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Nefermaat I
Painting on the wall of Nefermaat's tomb
Tomb painting from Nefermaat's tomb at Meidum
Native name Nfr-m3ˁt
(With) perfect justice[1]
Resting place mastaba 16, Meidum
Occupation vizier
royal seal bearer
prophet of Bastet
Spouse(s) Itet
Children Vizier Hemiunu; several others
Parent(s) Sneferu and unknown queen

Nefermaat I was an Egyptian prince, a son of pharaoh Sneferu. He was a vizier possessing the titles of the king's eldest son,[2] royal seal bearer, and prophet of Bastet. His name means "Maat is beautiful" or "With perfect justice".


Nefermaat was the eldest son of Sneferu, the pharaoh and founder of the 4th Dynasty of Egypt, and his first wife. He was a half-brother of Khufu. Nefermaat's wife was Itet, also spelled as Atet. Fifteen of Nefermaat's children are named in his tomb, sons Hemiunu, Isu, Teta, Khentimeresh and daughters Djefatsen and Isesu are depicted as adults, while sons Itisen, Inkaef, Serfka, Wehemka, Shepseska, Kakhent, Ankhersheretef, Ankherfenedjef, Buneb, Shepsesneb and Nebkhenet and daughter Pageti are shown as children. His son Hemiunu is probably identical with vizier Hemiunu who was believed to have helped plan the Great Pyramids. One of Nefermaat's sisters, Nefertkau had a son also called Nefermaat.[3]


Tomb of Nefermaat in Meidum

Nefermaat was buried in mastaba 16 at Meidum. Nefermaat was one of several relatives of Pharaoh Sneferu who was buried in Meidum. The tomb is known for the special technique used for drawing the scenes. Sculptors carved deeply incised images which were then filled with colored paste. This method was labor-intensive and the paste tended to dry, crack and then fall out.[4] The technique results in vividly colored scenes. This tomb is the only one known to date showing this technique. The fact that the plaster cracked resulting in the loss of the paste likely led to the craftsmen abandoning this type of decoration.[5]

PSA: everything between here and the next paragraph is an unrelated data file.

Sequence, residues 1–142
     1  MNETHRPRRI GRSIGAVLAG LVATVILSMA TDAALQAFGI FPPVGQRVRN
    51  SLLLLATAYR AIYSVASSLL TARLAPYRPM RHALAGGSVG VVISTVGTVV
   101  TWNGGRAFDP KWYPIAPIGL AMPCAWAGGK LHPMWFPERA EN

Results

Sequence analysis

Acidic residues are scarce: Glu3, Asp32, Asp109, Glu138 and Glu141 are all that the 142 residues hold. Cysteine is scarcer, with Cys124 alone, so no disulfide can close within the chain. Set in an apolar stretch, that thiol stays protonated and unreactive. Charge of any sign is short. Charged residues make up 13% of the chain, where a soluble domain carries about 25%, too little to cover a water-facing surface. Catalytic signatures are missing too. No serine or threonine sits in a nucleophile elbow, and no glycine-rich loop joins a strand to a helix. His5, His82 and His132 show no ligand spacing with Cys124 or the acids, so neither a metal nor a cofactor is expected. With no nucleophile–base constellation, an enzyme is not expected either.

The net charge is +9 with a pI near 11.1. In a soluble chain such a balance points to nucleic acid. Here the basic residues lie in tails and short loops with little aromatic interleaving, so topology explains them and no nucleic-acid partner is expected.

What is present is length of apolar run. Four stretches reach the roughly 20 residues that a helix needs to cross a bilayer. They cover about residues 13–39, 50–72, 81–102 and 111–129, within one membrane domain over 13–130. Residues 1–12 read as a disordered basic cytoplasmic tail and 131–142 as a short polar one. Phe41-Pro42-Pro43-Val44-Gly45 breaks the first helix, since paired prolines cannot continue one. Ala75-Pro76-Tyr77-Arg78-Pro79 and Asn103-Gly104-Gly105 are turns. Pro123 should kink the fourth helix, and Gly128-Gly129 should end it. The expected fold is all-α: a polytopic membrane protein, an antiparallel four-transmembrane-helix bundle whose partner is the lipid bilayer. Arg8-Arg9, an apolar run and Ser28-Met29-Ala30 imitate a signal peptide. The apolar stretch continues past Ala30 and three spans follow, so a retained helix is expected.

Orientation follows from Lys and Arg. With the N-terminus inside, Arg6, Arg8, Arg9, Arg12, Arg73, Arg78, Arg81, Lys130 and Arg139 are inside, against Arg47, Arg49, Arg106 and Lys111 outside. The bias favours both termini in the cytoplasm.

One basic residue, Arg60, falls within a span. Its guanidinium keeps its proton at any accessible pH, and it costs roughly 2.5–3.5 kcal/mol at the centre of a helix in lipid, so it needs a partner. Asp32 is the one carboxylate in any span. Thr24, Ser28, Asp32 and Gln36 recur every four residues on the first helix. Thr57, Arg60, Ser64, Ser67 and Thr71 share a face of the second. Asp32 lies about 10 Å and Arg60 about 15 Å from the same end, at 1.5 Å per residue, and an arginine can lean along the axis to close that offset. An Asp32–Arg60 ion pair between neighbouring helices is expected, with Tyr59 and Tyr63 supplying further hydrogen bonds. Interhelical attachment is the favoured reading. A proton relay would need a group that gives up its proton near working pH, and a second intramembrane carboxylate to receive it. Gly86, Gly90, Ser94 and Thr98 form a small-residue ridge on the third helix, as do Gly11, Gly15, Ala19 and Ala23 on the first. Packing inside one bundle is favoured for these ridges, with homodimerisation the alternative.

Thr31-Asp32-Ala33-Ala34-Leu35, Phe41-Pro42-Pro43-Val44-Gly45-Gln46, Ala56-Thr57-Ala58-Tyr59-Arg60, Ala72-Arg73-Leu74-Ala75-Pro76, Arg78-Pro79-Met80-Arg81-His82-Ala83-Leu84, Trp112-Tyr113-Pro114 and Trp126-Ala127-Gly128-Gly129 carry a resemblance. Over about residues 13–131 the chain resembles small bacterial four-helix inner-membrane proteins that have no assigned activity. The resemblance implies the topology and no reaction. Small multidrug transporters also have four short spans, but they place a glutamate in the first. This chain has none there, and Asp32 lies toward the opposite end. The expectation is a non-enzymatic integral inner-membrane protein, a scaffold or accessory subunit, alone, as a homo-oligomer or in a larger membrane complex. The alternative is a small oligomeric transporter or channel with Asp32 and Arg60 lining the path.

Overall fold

Nefermaat's tomb is also famous for the scene referred to as the "Meidum Geese" (now in the Egyptian Museum, JE 34571/ CG 1742). The scene executed in painted plaster was discovered in 1871 by Auguste Mariette and Luigi Vassalli, and removed from the wall by the latter in order to being reassembled inside the Bulaq Museum. The full scene depicts six geese; three pointing to the left and three pointing to the right. Each group of three geese consists of one goose shown with his head bowed down, eating grass and two geese with their heads held up. The group of three animals actually represents many geese, as three represents the plural in Egyptian writing. There are differences in the plumage of the birds which break the overall symmetry of the scene. This example of Egyptian painting is considered a masterpiece.[5][6]

A 2015 research paper by Francesco Tiradritti at the Kore University of Enna, published on LiveScience, suggests that the painting could be a 19th-century forgery, possibly made by Vassalli himself.[7][8][6] Tiradritti's claims were promptly dismissed by Zahi Hawass and other Egyptian authorities.[6][9]


  1. ^ Hermann Ranke: Die ägyptischen Personennamen. Verlag von J. J. Augustin in Glückstadt, 1935., p. 196
  2. ^ Nefermaat page from digitalegypt (University College London)
  3. ^ Dodson, Aidan and Hilton, Dyan. The Complete Royal Families of Ancient Egypt. Thames & Hudson. 2004. ISBN 0-500-05128-3, pp.52-53, 56-61
  4. ^ The Egyptian Museum in Cairo: a walk through the alleys of ancient Egypt, by Farid Atiya, Abeer El-Shahawy, Farid S. Atiya, page 71
  5. ^ a b Tiradritti,F. (editor), Egyptian Treasures from the Egyptian Museum in Cairo. Harry N. Abrams Inc. 1999, pp. 60-61, ISBN 0-8109-3276-8
  6. ^ a b c El-Aref, Nevine (April 9, 2015). "Controversy over the Meidum Geese". Al-Ahram Weekly. Cairo. Retrieved September 28, 2015. 
  7. ^ Owen, Jarus (March 31, 2015). "Shocking Discovery: Egypt's 'Mona Lisa' May Be a Fake". LiveScience. Retrieved September 28, 2015. 
  8. ^ "RebelMouse vs. WordPress VIP". RebelMouse. 2017-05-10. Retrieved 2018-02-26. 
  9. ^ Hawass, Zahi (April 9, 2015). "The Meidum Geese Are Not A Fake". Dr. Zahi: The Man with the Hat. Retrieved 15 July 2018.